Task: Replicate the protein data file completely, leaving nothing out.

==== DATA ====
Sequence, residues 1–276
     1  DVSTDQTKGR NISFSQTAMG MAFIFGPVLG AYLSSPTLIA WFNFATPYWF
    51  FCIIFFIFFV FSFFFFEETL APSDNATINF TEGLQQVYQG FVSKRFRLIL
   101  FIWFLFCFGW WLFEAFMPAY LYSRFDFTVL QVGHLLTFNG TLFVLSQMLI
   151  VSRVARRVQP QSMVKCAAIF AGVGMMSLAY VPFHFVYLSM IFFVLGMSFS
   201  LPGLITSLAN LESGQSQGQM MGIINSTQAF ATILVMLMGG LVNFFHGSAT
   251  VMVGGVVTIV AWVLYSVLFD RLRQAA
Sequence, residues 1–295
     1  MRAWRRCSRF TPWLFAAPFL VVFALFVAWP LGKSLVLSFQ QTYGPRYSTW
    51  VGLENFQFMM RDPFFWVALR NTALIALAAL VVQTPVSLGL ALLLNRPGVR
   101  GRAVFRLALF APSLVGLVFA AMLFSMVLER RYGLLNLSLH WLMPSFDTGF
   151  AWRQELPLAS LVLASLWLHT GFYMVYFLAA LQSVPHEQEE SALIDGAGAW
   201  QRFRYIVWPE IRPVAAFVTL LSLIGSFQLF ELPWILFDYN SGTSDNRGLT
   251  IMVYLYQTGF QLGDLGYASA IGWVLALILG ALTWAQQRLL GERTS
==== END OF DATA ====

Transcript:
Sequence, residues 1–276
     1  DVSTDQTKGR NISFSQTAMG MAFIFGPVLG AYLSSPTLIA WFNFATPYWF
    51  FCIIFFIFFV FSFFFFEETL APSDNATINF TEGLQQVYQG FVSKRFRLIL
   101  FIWFLFCFGW WLFEAFMPAY LYSRFDFTVL QVGHLLTFNG TLFVLSQMLI
   151  VSRVARRVQP QSMVKCAAIF AGVGMMSLAY VPFHFVYLSM IFFVLGMSFS
   201  LPGLITSLAN LESGQSQGQM MGIINSTQAF ATILVMLMGG LVNFFHGSAT
   251  VMVGGVVTIV AWVLYSVLFD RLRQAA
Sequence, residues 1–295
     1  MRAWRRCSRF TPWLFAAPFL VVFALFVAWP LGKSLVLSFQ QTYGPRYSTW
    51  VGLENFQFMM RDPFFWVALR NTALIALAAL VVQTPVSLGL ALLLNRPGVR
   101  GRAVFRLALF APSLVGLVFA AMLFSMVLER RYGLLNLSLH WLMPSFDTGF
   151  AWRQELPLAS LVLASLWLHT GFYMVYFLAA LQSVPHEQEE SALIDGAGAW
   201  QRFRYIVWPE IRPVAAFVTL LSLIGSFQLF ELPWILFDYN SGTSDNRGLT
   251  IMVYLYQTGF QLGDLGYASA IGWVLALILG ALTWAQQRLL GERTS